Story of the $25 Garage Sale Bed Skirt

by Katy on August 31, 2010 · 17 comments

I went to a garage sale the other day and came across a cream colored bed skirt that was still pristine in the package. My husband and I switched over to a queen size bed last year, and frankly, the Hollywood frame is as dull as dirt. So I picked up the package, saw that it was unmarked and asked the owner the price.

“Oh, the bed skirt? I paid over $100 for that, so I’m looking to get $25 for it.”

Riiight . . . .

And indeed there was a $170 price tag on the packaging.

She then asked me how much I wanted to pay. I explained that I was thinking more along the lines of $5, so I would have to pass on the bed skirt.

At this point the woman’s friends started ribbing her for paying so much money for a bed skirt:

“How could you pay that much for a bed skirt? It’s not like it even touches your skin!”

But the woman defended her purchase:

“But it matched all my bedding!”

This woman paid waay too much for her purchase, so she thinks it should continue to be worth a lot.

Guess again, lady.

Perceived value and actual garage sale value are not the same thing. Just because she paid $100+ for the bedskirt doesn’t mean it’s worth any more than a $30 bedskirt once it hits the garage sale market.

I did pick up a pair of pillowcases for a cool buck from her garage sale mate. And they look perfect with our green sheets.

Do you have a hard time getting rid of items that you overpaid for? Please share your thoughts in the comments section below.

Katy Wolk-Stanley

“Use it up, wear it out, make it do or do without”

{ 17 comments… read them below or add one }

Barb @ 1 Sentence Diary August 31, 2010 at 5:08 am

Hm…I don’t have too much trouble getting rid of the expensive items, or items I paid too much for. It’s the sentimental items that are a problem for me.


WilliamB August 31, 2010 at 5:41 am

Occasionally. But my biggest problem is things that might be useful someday. And it’s going to get worse: 6 months ago I gave away several boxes of stuff that it *would* be useful to have now.


Joanna @ Starving Student Survivor August 31, 2010 at 6:20 am

Oh, that just makes me sad to think of someone paying so much money for something. And not even really getting much use out of it, if she’s selling it in near-new condition!

I can’t think of too many huge purchases I’ve regretted. I really only regret money spent on stupid things, like late fees. Or buying something I did want or need, but not shopping around very well and finding a better price soon afterward.


Annie Jones August 31, 2010 at 6:35 am

If I have something to sell that I think needs to bring more than “garage sale prices”, I try it on eBay or craigslist first. Sometimes I can get more for an item with those two venues.

If not, then I re-evaluate and decide if I would rather get rid of the item for a lower price or keep it until I can get the higher price (read, indefinitely). Usually I decide that it isn’t doing me any good to keep it around, so I lower the price to get it out of here.

I try not to overpay for items in the first place. So many of the things I sell are things I bought used in the first place. 🙂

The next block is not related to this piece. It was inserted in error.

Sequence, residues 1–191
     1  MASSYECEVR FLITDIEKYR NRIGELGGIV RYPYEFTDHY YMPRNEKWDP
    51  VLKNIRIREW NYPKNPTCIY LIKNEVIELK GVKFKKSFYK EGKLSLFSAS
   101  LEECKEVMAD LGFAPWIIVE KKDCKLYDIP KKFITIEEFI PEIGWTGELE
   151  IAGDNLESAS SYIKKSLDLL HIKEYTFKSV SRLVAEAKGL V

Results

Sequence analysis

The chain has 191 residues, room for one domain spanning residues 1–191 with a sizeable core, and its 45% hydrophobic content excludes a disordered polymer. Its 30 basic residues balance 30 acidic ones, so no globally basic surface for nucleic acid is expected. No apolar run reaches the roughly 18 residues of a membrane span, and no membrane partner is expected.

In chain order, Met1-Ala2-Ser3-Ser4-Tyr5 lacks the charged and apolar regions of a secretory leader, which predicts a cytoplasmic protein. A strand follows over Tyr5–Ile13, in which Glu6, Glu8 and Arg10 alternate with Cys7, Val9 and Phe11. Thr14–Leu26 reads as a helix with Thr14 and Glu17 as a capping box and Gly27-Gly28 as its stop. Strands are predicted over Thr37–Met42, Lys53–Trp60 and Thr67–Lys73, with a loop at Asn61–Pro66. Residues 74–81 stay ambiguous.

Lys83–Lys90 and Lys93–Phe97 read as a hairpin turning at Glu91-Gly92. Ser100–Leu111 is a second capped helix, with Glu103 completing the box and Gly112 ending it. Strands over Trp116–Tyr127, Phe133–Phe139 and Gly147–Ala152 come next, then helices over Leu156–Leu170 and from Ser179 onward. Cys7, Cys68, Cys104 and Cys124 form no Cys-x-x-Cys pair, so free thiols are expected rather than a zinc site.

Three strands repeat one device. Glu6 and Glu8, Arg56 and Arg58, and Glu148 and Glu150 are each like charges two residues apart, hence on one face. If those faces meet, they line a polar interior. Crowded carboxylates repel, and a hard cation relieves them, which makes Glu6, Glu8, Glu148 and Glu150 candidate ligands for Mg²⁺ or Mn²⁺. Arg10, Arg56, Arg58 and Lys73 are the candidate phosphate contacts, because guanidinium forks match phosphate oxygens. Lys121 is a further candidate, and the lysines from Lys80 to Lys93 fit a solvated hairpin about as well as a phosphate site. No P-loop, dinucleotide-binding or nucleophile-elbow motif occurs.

Hiptobeme August 31, 2010 at 7:20 am

Oh, regrets, I’ve had a few, but I would never try to recoup my losses at a garage sale, because it’s just not going to happen. She should have taken your fiver and cut her losses. Oh well, maybe she learned a lesson in nonconsumerism 🙂


leslie August 31, 2010 at 10:05 am

Ahh yes! I am busy Ebaying many of the high-dollar items I bought in my last life as a corporate career girl. I’m now an indie record/gift store owner, so the budget has definitely changed. It is a constant learning experience: remembering what I paid and being faced with what the item is actually “worth” or will sell for. Crazy! I’m embarrassed at the amount of money I threw down on silly stuff, but I am very glad to be learning this lesson. I am now a much smarter consumer!


Molly On Money August 31, 2010 at 10:19 am

When I built and sold spec houses I would often furnish them so they showed better. When the house sold I would sell the furnishings. Some items I would get more then I paid and some I would practically give away. I tried not to think about it in detail because as a whole I would break even.


My Roman Apartment August 31, 2010 at 10:26 am

I’ve done the reverse. I bought expensive bedding for $2 a piece at the Pottery Barn outlet and then resold it on Ebay for $30 a piece.

I don’t think the woman was wrong for wanting $25 for a new bedskirt that cost $170 retail. She just chose the wrong sales venue for that item. The price thresholds at garage sales are lower than those on Craigslist or Ebay. She could have gotten her asking price online from someone less savvy than Katy!


Melissa August 31, 2010 at 2:13 pm

That’s probably the perfect way to describe all the Playmobil sets collecting dust in my sons’ room right now. Even the ones I bought second-hand.


Kimberly in So Cal August 31, 2010 at 2:25 pm

For many people letting go of something that you paid too much for but don’t use is like admitting you made a mistake, and the more you can get for it the better you feel. I always try to remember that I pay for the experience of owning something, not the actual item. That way when I sell something for a lot less than I paid for it I can feel happy knowing that I received my experience ~anything I get back is gravy. Of course, in this case the woman didn’t use the experience she paid for, so she feels badly.